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Year : 2012  |  Volume : 34  |  Issue : 2  |  Page : 170-175  

Rapid response with ketamine on suicidal cognition in resistant depression

1 Department of Psychiatry, Burdwan Medical College and Hospital, Burdwan, West Bengal, India
2 Department of Anaesthesiology, Burdwan Medical College and Hospital, Burdwan, West Bengal, India
3 Department of Anaesthesiology, I.P.G.M.E.R, 244B, A.J.C Bose Road, Kolkata, West Bengal, India

Date of Web Publication28-Sep-2012

Correspondence Address:
Om Prakash Singh
Department of Psychiatry, Burdwan Medical College and Hospital, Burdwan, West Bengal
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Source of Support: None, Conflict of Interest: None

DOI: 10.4103/0253-7176.101793

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Context: Suicidal ideation in depressed patients is a serious and emergent condition that requires urgent intervention. Intravenous ketamine, an N-methyl-D-aspartate (NMDA) antagonist, has shown rapid antidepressant effects, making it a potentially attractive candidate for depressed patients with suicidal risk. Aims: In India few studies have corroborated such findings; the present study aimed to assess the effectiveness and sustainability of antisuicidal effects of ketamine in subjects with resistant depression. Settings and Design: Single-center, prospective, 4 weeks, open-label, single-arm pilot study. Materials and Methods: Twenty-seven subjects with DSM-IV major depression (treatment resistant) were recruited. The subjects were assessed on Scale for Suicidal Ideation (SSI), 17-item Hamilton Depression Rating Scale (HDRS). After a 2-week drug-free period, subjects were given a single intravenous infusion of ketamine hydrochloride (0.5 mg/kg) and were rated at baseline and at 40, 80, 120, and 230 minutes and 1 and 2 days postinfusion. Results: The ketamine infusion was effective in reducing the SSI and HDRS scores, the change remained significant from minute 40 to 230 at each time point. Conclusions: The real strength of this study rests in documenting the rapid albeit short-lasting effect of ketamine on suicidal ideation in depressed patients.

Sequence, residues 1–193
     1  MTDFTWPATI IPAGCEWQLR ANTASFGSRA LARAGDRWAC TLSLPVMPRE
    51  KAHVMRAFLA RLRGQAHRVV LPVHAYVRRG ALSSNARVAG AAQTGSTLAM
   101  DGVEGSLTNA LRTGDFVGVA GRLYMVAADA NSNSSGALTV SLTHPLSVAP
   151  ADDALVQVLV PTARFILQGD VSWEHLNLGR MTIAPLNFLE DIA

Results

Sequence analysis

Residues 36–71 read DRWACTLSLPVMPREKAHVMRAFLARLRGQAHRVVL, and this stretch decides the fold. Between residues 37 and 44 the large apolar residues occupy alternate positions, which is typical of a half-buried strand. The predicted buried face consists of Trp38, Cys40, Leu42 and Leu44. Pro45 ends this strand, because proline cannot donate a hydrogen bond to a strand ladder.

Keywords: Glutamate, ketamine, suicidal cognition, treatment-resistant depression

How to cite this article:
Thakurta RG, Das R, Bhattacharya AK, Saha D, Sen S, Singh OP, Bisui B. Rapid response with ketamine on suicidal cognition in resistant depression. Indian J Psychol Med 2012;34:170-5

How to cite this URL:
Thakurta RG, Das R, Bhattacharya AK, Saha D, Sen S, Singh OP, Bisui B. Rapid response with ketamine on suicidal cognition in resistant depression. Indian J Psychol Med [serial online] 2012 [cited 2020 Apr 5];34:170-5. Available from:

   Introduction Top

Vast majority of psychiatric patients who display suicidal behavior have major depressive disorder (MDD). Severity of depression has thus been associated with more suicide attempts. Among the enrolees in the Sequenced Treatment Alternatives to Relieve Depression (STAR*D) study, 16.5% reported previous suicide attempts. [1]

Suicidal ideation in patients with MDD is a serious and emergent clinical condition that mandates immediate attention and treatment. A recent study of patients who attempted suicide found that 74% said the decision-making period (i.e., the period between decision and attempt) was very short. [2] Though the identification of risk factors is key to suicide prevention, one crucial factor regards the timing of suicidal behavior.

Numerous studies have found that individuals with affective disorders are at greatest risk of death from any cause, including suicide, in the first 2 years after their diagnosis. [3] More specifically, studies have consistently identified the emergency room, the inpatient unit, time after discharge, and time after initiating an antidepressant as time points where individuals are particularly vulnerable to suicidal ideation. [4],[5],[6],[7]

In clinical practice these circumstances offer the possibility to intervene quickly and decisively to prevent suicidal behavior. Current therapeutic options for severe mood disorders are limited by the slow time course of change in suicidal thoughts. For instance, in major depressive disorder (MDD) patients receiving thrice-weekly electroconvulsive therapy, suicidal thoughts persisted in 62% of patients after 1 week of treatment and 39% after 2 weeks. [8] Furthermore, conventional antidepressants may produce slower and less robust response in patients with moderate to high suicide risk than in nonsuicidal patients. [9]